What is an independent student?
If a student is classed as an independent student, we won’t take their parents’ income into account when we’re working out how much student finance they can get.
If they’re married, in a civil partnership or over 25 and living with their partner, we’ll ask their partner for their National Insurance number and income details instead.
Students will be classed as independent if:
- they care for a person under the age of 18 on the first day of the academic year that they’re applying for student finance
- they’re 25 or over on the first day of the academic year that they’re applying for student finance
- they’ve been married or in a civil partnership before the start of the academic year (even if they’re now divorced or separated)
- they have no living parents
- they’ve supported themselves for at least 3 years before the start of their course
- their parents can’t be traced or it’s not practical or possible to contact them
- their parents live outside the EU and an income assessment would put them in jeopardy, or it’s not reasonably practical for them to send funds to the UK to help support them
- they’ve not communicated with their parents for one year before the start of the academic year that they’re applying for student finance
- they can demonstrate that they’re permanently estranged from their parents
Students might be able to apply as estranged if they’ve had no contact with both their parents for over a year. This means they will have had no written or verbal contact with either parent and this is unlikely to change. However, if they’ve had contact with either parent in the last 12 months, we’ll still consider their application.
Students cannot apply as estranged just because:
- their parents don’t financially support them
- they don’t get on with their parents
- they don’t live with their parents
To apply as estranged, students will need to give us some evidence. The easiest way to do this is to fill in the Confirmation of Estrangement Form. They can get this form from online account once they’ve submitted their application.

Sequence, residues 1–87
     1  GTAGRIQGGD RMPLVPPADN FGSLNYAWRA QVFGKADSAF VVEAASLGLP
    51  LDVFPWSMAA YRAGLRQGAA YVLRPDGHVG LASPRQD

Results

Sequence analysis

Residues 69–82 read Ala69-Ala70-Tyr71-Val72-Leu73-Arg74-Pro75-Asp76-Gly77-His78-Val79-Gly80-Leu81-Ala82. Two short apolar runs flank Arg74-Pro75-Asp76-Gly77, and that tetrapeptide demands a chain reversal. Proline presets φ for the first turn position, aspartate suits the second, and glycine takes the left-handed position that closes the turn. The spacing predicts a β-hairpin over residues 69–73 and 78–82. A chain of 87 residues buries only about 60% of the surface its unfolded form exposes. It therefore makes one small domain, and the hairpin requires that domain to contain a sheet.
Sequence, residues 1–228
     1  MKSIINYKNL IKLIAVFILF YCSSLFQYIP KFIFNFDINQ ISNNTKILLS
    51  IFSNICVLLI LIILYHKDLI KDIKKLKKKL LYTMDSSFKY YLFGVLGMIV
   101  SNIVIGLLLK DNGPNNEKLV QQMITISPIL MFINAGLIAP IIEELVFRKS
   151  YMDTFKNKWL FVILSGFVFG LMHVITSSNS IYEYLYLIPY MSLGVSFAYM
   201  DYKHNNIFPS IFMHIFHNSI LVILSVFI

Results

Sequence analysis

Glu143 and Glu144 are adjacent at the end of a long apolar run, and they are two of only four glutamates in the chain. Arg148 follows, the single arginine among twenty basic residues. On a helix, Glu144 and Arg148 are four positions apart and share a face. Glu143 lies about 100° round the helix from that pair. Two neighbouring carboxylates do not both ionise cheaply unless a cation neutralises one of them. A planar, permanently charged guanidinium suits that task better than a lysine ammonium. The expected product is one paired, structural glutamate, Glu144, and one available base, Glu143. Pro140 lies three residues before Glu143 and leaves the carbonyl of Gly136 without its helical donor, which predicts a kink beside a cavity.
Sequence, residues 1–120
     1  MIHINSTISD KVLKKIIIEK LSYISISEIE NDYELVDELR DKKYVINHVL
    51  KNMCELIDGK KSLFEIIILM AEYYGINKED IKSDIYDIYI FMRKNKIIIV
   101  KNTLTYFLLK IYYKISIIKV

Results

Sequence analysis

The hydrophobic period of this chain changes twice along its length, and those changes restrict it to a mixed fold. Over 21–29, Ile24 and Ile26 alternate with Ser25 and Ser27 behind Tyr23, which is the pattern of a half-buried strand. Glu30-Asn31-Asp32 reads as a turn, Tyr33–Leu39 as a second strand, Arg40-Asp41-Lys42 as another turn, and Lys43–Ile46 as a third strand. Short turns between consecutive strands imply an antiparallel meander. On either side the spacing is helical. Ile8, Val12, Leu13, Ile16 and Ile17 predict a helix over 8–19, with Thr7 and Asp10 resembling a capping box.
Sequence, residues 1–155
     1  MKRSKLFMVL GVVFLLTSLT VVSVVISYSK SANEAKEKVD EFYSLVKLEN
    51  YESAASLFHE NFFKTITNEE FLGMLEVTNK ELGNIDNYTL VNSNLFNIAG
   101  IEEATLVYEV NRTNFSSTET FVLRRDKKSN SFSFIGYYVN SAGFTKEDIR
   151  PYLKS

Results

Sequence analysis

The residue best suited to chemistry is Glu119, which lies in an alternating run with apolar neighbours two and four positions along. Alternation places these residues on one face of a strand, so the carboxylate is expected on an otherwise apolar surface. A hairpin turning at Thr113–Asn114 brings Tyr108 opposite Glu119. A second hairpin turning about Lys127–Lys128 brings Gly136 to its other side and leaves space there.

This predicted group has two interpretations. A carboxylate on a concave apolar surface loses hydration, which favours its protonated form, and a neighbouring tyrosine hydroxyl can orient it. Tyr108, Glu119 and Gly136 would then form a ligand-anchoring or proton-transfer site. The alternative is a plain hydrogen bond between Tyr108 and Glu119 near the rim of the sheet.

Otherwise, they can send us a:
- letter from their social worker
- letter from a doctor that knows their situation
- police report showing any related incidents
- letter from a teacher that knows their situation
- letter from a ‘person of good standing in the community’ (for example a solicitor, religious leader or a counsellor)
Students don’t have to disclose the full details of their estrangement, but it could speed up their application if they do.
If the student doesn’t know a person who is aware of their family situation, they can contact the student services/wellbeing advisor at their university or college. They will be able to help them provide evidence. Their details can be found on the university or college website.
This guide is for estranged students who are applying for independent status from Student Finance Wales:
If they’re applying as an independent student because they’ve supported themselves for 3 years or more, they need to send evidence to show how they’ve supported themselves. If they’ve been working or claiming benefits, they must provide written confirmation of this.
If a student cares for a child and applies for independent status, they should send their child’s birth certificate and provide evidence they’re caring for the child, such as Child Benefit or Child Tax Credit letters.